By Daniel Sivan
Ugaritic, chanced on in 1929, is a North-West Semitic language, documented on clay drugs (about 1250 texts) and dated from the interval among the 14th and the twelfth centuries B.C.E. The records are of assorted varieties: literary, administrative, lexicological. a number of Ugaritic capsules include parts of a poetic cycle bearing on the Ugaritic pantheon. one other half, the executive files make clear the association of Ugarit, hence contributing tremendously to our knowing of the background and tradition of the biblical and North-West Semitic international. this significant reference paintings, a revised and translated version of the author's Hebrew ebook (Beer Sheva, 1993), offers with the phonology, morphology and syntax of Ugaritic. The ebook includes additionally an appendix with textual content decisions.
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Ugaritic, stumbled on in 1929, is a North-West Semitic language, documented on clay pills (about 1250 texts) and dated from the interval among the 14th and the twelfth centuries B. C. E. The records are of assorted kinds: literary, administrative, lexicological. quite a few Ugaritic drugs include parts of a poetic cycle referring to the Ugaritic pantheon.
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In a number of item structures in P'orhepecha, Capistran deals a close description of double and triple item clauses in P'orhepecha, a Mesoamerican isolate with a case method missing an accusative-dative contrast. relating to argument consciousness, Capistran discusses alternating buildings and a development break up prompted via the individual hierarchy.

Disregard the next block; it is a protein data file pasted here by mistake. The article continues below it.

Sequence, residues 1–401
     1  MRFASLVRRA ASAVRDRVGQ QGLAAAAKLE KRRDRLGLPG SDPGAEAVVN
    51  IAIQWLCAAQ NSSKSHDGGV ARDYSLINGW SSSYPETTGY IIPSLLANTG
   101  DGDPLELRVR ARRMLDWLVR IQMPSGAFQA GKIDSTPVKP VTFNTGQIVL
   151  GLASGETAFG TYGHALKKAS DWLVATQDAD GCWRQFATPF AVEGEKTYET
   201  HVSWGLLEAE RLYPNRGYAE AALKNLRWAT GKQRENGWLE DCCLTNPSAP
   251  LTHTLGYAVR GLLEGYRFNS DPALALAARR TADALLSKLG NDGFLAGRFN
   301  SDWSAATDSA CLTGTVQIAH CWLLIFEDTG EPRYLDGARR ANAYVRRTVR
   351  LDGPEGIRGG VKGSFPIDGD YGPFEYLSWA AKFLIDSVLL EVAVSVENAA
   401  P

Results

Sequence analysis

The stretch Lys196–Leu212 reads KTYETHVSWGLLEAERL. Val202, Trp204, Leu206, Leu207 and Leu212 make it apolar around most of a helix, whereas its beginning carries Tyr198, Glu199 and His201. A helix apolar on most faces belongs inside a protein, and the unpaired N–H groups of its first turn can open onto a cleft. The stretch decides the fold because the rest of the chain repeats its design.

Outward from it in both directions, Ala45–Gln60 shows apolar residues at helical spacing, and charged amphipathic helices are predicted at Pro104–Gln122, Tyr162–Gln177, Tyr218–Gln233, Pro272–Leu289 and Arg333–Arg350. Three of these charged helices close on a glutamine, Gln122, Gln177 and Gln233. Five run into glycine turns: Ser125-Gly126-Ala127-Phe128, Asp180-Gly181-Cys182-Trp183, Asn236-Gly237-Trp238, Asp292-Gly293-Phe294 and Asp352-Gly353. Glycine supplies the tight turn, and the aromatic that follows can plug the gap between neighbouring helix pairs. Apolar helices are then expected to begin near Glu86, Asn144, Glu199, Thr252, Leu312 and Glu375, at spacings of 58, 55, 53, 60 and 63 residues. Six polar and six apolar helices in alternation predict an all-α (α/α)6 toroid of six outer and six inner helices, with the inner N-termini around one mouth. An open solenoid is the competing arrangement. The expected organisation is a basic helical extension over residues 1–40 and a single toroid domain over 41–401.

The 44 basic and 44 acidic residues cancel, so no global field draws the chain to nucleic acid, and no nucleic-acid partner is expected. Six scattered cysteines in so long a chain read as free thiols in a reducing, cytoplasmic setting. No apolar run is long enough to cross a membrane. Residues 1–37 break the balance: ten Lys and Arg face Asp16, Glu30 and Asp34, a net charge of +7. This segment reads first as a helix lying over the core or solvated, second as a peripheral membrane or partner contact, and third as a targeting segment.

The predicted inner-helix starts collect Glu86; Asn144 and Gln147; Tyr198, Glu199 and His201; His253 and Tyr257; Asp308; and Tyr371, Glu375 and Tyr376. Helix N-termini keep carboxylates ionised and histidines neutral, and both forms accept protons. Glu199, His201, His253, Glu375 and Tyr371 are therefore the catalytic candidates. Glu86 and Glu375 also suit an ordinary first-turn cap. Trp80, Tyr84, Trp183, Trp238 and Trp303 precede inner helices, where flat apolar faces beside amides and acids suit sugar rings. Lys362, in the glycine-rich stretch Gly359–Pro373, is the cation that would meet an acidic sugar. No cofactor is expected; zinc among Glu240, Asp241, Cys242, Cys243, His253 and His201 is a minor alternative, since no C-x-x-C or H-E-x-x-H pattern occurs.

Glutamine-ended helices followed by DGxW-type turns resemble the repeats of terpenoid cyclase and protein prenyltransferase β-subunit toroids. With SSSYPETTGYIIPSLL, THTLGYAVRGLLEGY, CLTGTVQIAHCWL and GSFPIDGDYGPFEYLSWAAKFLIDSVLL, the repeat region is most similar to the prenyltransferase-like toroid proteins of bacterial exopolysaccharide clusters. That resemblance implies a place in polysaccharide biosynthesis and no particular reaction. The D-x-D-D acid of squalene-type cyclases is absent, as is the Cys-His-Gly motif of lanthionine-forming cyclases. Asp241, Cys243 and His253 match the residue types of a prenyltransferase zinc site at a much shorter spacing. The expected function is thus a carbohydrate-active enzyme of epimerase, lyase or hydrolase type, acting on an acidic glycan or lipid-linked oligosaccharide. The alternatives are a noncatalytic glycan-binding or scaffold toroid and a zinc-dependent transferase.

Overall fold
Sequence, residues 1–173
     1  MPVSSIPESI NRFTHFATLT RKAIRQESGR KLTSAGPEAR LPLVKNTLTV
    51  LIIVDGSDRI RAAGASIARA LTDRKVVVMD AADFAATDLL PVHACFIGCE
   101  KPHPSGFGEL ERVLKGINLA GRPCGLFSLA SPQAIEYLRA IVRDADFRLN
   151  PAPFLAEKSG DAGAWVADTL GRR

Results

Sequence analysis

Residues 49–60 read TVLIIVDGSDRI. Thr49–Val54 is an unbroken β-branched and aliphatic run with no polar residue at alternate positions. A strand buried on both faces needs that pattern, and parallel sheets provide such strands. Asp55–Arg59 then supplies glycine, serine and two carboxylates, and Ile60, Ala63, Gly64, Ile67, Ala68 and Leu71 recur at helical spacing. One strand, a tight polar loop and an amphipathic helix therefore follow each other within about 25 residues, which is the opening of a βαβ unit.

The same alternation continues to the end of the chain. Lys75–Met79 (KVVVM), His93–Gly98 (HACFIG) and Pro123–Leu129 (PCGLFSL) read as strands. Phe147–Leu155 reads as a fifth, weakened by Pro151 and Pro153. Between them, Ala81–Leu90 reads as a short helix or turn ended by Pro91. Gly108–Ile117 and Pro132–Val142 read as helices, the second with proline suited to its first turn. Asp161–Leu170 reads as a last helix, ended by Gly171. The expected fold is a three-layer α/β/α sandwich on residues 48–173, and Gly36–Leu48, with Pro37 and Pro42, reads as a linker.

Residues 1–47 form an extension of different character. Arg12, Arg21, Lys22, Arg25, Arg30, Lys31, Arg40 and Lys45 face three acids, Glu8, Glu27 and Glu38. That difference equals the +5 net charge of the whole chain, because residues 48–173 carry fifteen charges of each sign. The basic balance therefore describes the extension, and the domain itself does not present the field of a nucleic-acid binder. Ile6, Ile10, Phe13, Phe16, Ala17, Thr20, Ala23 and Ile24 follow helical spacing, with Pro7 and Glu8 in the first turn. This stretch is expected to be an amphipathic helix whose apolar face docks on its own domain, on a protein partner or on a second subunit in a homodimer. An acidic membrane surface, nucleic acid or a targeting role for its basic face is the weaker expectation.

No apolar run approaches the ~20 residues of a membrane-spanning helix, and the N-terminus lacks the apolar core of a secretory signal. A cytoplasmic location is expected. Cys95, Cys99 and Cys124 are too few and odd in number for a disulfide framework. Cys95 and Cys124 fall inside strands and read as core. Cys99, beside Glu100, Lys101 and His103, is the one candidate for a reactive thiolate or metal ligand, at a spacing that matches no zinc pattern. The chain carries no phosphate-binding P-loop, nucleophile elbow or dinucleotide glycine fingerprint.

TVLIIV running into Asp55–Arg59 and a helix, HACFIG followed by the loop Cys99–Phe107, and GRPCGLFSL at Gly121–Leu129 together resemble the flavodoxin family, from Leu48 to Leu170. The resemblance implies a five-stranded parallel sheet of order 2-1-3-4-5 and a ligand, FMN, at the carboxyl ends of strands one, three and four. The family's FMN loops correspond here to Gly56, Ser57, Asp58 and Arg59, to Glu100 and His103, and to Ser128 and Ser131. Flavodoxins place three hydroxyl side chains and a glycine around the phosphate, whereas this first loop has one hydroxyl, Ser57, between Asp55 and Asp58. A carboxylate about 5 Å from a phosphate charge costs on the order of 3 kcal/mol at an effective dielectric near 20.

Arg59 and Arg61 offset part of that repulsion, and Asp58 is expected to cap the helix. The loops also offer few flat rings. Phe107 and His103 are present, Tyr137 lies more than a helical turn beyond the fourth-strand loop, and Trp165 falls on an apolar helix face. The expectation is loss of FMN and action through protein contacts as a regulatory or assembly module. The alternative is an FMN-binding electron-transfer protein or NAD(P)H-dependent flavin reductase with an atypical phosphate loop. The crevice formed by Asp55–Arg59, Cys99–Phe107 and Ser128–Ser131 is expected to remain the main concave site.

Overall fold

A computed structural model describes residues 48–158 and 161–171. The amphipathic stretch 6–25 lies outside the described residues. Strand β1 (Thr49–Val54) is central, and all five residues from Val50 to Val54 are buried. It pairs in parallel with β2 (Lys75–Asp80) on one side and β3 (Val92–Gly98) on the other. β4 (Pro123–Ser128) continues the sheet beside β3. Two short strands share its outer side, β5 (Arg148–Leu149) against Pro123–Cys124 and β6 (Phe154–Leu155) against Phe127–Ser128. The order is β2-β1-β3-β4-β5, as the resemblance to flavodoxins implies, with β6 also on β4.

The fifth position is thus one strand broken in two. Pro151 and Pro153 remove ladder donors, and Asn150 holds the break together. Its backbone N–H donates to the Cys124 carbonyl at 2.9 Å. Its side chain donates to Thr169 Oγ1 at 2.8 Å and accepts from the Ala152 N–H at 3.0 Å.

Additional resources for A Grammar of the Ugaritic Language (Handbook of Oriental Studies Handbuch der Orientalistik)
1 1,3) - The reading may be Cya'budu] or Cya'abbidu/yu'abbidu] in the D stem. 172,22) The form can be interpreted either [wa lii or lii/la ya'muru] or [wa lii or lii/la ya'amrniru/yu'ammiru] (see Bordreuil and Caquot 1980:345). The certain examples of 'a for vowelless aleph are limited in number. 611,l). Syllabic spellings confirm that the prefix vowel is a and not i (URUma-a-ba-di[PRU 111, p. 195 A,6] and URUma-ha-diya [PRU VI 79,101). 14 II,35). g. 46,11]). 16,11), which also functions as an adverb (cf.
15,3; the yod seems to be muter lectionis; cf. Liverani 1964:175; de Moor 1965:360; Krahmalkov 1969:264; Dietrich, Loretz and Sanmartin 1974a:471). e. normal Proto-Ugaritic would have been: b tt 'Sr sinn. Since S and S were identical in Ugaritic (most likely pronounced as 9, it is also possible that in the dialect of the scribe who wrote this particular text 4 i', and S were all pronounced the same, either as S or as S (cf. Ullendorf 1962:348-351). For that reason, the scribe evidently used the 0 to represent all three phonemes, which were identical to his ear.
For elision of the prosthetic aleph in the Gt stem imperative, cf. 16 VI,30,42; cf. most recently Tsumura 1991:43 1; for another view that the root is TQG in the G stem, cf. Oberman 1946:244 n. 25 and Blau 1977b:71). 12 II,54; cf. inza, p. 138). g. 6 11,l; cf. the syllabic documentation URUma-a-lpdi [ma'badi/m@adi] (PRU 111, p. 195 A,6) and the noun ma-~'-ba-~dul"town, quay" (Ug 5 137 II,2 1'; contra Huehnergard [1987:279 n. e. ma'badu > mab/zadu). g. 2 I,28; cf. Tsumura 199l:428 with discussion and bibliography; Smith 1994:267, n.